SHS students observe Earth Day, put words into action


By Michael Hart - For The Daily Sentinel



Student Council members at Southern Local cleaned the boat levy and Yellowbush Road in Racine. They also landscaped the school entrance and cleaned the parking lot.


Pictured are Southern Local Student Council members Marissa Brooker, Marissa Johnson, Talon Drummer, Brandy Porter, Kayla Boyer, Jenna Marshall, Sailor Warden, Hannah Evans and Kendra White after a job well done.


The activist John McConnell first envisioned Earth Day as a scion of the 1960’s Peace Movement. The wider activist public, organized by Wisconsin Sen. Gaylord Nelson and policy maker Deni Hayes, acknowledged nuclear winter was not the only potential self-inflicted tragedy humanity faced. They presided over the first Earth Day in 1970, which saw demonstrations from nearly 20 million Americans. The new holiday focused on environmental protection and the momentous value of our shared planet.

OHIO VALLEY — Last Friday, people around the world celebrated Earth Day.

Education about renewable resources and conservation were the day’s topics, and organizations found ways to make the Green movement impact people’s lives.

Celebrations often overlap with Arbor Day, an international event encouraging the planting of trees, or are extended into Earth Week, attempting to keep environmentalism in the public sphere for more than a day or two. Governments have united behind the date in recent years and mark the day with benchmarks of environmental policy or eco-friendly technological developments.

Last Friday, more than 100 nation states (including major climate impactors the United States and China) signed the Paris Accords, by far the most ambitious international climate protection treaty in history.

Student Council members at Southern High School found ways to participate at the community level, where observances are usually far more concrete. The entire 40-member Student Council turned out for beatification projects.

Senior Kalynn Seymour described how the students “dispersed all over Racine and got to work. We were covered in mud by the end of the day, it was pretty eventful.”

At planning meetings, the students took a variety of suggestions under consideration. Parental concerns over the state of the parking lot, community usage of the boat levy, and a desire to landscape the school’s front entrance all found their way onto the itinerary.

“We chose multiple projects because lining up 40 of us and marching through the parking lot wasn’t going to be a good use of resources,” Seymour said. “A lot of people use these areas — not just the students — and we wanted to make improvements to visible places. Our supervisors like Chad Dawson and Principal Otto really helped guide the effort, and clear some of the larger parts ahead of time.”

Sections of Yellowbush Road and the boat dock were also beautified.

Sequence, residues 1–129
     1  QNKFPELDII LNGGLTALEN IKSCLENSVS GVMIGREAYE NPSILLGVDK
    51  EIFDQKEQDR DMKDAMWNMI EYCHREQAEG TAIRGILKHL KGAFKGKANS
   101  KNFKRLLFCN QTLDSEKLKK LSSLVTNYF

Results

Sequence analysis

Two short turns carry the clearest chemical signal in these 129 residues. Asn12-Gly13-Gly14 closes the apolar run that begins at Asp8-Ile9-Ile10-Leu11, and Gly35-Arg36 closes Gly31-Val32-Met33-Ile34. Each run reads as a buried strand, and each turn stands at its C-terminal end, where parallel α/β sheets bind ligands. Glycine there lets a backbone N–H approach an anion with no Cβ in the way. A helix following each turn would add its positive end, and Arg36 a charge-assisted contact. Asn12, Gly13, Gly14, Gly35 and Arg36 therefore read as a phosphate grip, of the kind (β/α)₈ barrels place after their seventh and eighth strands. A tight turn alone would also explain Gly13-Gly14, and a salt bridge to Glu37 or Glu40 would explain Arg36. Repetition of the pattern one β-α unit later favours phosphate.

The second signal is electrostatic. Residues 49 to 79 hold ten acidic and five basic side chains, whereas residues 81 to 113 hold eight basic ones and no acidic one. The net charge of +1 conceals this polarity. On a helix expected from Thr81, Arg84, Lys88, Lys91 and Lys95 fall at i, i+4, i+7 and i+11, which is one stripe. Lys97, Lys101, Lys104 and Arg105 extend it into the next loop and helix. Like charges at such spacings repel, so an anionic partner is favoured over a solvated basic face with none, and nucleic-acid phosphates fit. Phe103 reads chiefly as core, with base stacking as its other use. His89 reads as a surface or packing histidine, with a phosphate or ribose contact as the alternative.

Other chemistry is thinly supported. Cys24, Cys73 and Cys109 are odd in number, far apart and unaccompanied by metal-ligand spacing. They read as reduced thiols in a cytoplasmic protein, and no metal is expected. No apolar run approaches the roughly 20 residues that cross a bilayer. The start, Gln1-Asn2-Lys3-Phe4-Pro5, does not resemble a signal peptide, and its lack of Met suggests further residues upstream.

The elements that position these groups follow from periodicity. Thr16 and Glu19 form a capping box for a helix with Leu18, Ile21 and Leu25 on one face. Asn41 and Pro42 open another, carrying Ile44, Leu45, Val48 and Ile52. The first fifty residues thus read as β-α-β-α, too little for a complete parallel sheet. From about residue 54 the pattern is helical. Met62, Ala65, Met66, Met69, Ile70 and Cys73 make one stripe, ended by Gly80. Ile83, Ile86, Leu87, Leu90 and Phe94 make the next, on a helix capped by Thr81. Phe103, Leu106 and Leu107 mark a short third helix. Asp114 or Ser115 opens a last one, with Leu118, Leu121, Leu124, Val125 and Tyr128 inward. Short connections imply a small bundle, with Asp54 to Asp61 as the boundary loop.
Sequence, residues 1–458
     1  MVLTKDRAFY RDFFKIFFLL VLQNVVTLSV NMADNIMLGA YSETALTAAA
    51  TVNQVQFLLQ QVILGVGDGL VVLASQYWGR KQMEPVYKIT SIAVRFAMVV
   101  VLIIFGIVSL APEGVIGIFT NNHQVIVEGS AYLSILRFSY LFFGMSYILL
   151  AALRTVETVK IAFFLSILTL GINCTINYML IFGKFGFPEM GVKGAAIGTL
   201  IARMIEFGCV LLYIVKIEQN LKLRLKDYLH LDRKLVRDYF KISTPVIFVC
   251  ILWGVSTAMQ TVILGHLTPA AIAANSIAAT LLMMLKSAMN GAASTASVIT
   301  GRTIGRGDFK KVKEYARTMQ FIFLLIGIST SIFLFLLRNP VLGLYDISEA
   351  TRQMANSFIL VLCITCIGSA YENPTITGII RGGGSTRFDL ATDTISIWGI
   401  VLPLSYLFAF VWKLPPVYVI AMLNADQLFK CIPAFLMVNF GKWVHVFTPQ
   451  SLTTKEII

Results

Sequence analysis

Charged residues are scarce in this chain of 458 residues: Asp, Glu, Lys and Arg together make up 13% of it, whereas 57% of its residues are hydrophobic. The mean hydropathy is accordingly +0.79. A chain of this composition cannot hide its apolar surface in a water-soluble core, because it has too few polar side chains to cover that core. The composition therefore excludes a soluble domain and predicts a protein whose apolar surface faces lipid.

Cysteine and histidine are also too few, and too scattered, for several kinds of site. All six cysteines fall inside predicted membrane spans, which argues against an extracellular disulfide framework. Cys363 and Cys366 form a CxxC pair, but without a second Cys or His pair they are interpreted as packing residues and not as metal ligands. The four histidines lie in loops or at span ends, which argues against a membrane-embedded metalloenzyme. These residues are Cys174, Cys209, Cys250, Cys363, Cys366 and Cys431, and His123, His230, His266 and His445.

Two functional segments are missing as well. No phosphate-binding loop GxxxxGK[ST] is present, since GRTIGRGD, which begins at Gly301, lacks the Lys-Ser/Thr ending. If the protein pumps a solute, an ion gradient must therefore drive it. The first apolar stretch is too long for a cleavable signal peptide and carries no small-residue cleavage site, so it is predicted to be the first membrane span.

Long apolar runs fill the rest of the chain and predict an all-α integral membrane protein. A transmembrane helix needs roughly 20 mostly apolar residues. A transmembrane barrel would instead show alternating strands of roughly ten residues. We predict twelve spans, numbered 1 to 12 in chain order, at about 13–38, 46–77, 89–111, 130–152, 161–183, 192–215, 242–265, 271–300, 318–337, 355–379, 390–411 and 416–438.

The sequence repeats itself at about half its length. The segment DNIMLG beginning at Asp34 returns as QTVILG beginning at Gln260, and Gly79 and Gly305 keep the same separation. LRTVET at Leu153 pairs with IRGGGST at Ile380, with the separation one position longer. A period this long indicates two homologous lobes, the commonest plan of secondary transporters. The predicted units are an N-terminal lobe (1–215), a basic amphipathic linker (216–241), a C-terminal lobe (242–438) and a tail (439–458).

The council is looking to make this an annual undertaking as the aesthetic effects were immediate.

“The timing worked out well,” Seymour said. “We had the opportunity to respond to parents’ requests, and our prom is tomorrow. It all aligned with Earth Day and we are trying to make our community just a little better. It was a bigger project once we got into things, but we saw a need and went for it.”

Student Council members at Southern Local cleaned the boat levy and Yellowbush Road in Racine. They also landscaped the school entrance and cleaned the parking lot.
http://mydailysentinel.com/wp-content/uploads/2016/04/web1_IMG_2815-001.jpgStudent Council members at Southern Local cleaned the boat levy and Yellowbush Road in Racine. They also landscaped the school entrance and cleaned the parking lot.

Pictured are Southern Local Student Council members Marissa Brooker, Marissa Johnson, Talon Drummer, Brandy Porter, Kayla Boyer, Jenna Marshall, Sailor Warden, Hannah Evans and Kendra White after a job well done.
http://mydailysentinel.com/wp-content/uploads/2016/04/web1_IMG_2815-002.jpgPictured are Southern Local Student Council members Marissa Brooker, Marissa Johnson, Talon Drummer, Brandy Porter, Kayla Boyer, Jenna Marshall, Sailor Warden, Hannah Evans and Kendra White after a job well done.

By Michael Hart

For The Daily Sentinel

The activist John McConnell first envisioned Earth Day as a scion of the 1960’s Peace Movement. The wider activist public, organized by Wisconsin Sen. Gaylord Nelson and policy maker Deni Hayes, acknowledged nuclear winter was not the only potential self-inflicted tragedy humanity faced. They presided over the first Earth Day in 1970, which saw demonstrations from nearly 20 million Americans. The new holiday focused on environmental protection and the momentous value of our shared planet.

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